This week, the underrated and rather lovely 1991 drama Little Man Tate makes its Blu-ray debut; it’s a film best known as Jodie Foster’s first in the director’s chair, but it also features a terrific Adam Hann-Byrd in the title role. His is one of those performances that come along every once in a while to remind you that, contrary to how it might seem, not all child actors are bratty, shrieking nightmares, cloyingly cute moppets, and/or smartass one-liner machines. Here are a few more of that rare ilk.
Adam Hann-Byrd in Little Man Tate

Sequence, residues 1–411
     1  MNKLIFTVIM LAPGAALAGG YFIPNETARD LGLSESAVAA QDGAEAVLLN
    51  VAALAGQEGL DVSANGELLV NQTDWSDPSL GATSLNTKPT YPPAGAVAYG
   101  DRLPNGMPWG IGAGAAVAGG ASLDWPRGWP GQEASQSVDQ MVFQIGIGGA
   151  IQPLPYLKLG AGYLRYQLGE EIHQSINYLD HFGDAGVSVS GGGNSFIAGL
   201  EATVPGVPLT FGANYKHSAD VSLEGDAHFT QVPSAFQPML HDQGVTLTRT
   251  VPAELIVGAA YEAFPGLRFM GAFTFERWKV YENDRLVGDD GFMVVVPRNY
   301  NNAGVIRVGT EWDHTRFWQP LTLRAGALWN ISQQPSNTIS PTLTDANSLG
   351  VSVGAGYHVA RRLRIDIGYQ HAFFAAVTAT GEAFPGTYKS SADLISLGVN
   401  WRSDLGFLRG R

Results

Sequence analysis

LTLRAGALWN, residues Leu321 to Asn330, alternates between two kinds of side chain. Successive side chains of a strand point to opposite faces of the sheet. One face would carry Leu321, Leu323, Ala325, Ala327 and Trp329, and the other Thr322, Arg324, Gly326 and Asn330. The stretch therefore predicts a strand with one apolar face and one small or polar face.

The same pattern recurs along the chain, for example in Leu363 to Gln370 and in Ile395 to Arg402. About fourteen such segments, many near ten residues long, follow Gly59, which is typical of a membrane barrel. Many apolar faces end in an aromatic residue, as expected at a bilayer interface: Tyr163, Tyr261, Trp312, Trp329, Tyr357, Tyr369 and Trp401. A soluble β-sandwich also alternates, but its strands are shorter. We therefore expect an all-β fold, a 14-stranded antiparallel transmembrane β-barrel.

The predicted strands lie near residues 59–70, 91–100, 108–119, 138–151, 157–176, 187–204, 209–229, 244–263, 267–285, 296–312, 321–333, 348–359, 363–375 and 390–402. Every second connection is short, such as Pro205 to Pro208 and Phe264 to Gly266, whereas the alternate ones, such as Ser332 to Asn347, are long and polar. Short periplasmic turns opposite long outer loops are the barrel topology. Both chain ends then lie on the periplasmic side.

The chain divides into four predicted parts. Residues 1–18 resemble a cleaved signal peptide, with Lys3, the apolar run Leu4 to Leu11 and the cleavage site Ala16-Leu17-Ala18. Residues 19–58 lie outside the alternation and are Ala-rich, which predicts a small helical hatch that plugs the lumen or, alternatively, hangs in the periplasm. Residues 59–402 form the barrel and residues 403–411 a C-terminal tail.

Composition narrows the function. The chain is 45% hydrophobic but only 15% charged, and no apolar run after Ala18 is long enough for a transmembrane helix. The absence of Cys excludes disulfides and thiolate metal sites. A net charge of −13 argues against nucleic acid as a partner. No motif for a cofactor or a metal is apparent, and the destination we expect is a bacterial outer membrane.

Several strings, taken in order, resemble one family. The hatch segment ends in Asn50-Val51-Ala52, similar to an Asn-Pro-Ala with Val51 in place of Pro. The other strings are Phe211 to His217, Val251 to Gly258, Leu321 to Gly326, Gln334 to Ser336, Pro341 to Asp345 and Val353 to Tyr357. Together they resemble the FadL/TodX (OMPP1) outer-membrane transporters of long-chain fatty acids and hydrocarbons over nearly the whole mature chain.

Foster not only directed but co-starred (in the same year as Silence of the Lambs, even), playing a working-class mom to a boy genius. Hann-Byrd acts the role as neither cute and cuddly nor alienating; he’s just a nice kid who’s super-smart, and thus doesn’t really relate to kids his age. Dianne Wiest is the facilitator of a school for exceptional kids who seems to offer a way out, but Scott Frank’s evenhanded script doesn’t see anyone as all good or all bad; there’s a snobbery to her approach, and the film is endlessly savvy about the way class can creep into conversations and considerations of education and intellect. Foster also seems to bring much of her own knowledge of what it is to be an exceptional kid, and is sympathetic to it; when he tells his mom he doesn’t want a birthday party, your heart just breaks (even more so when she cuts to what happens next).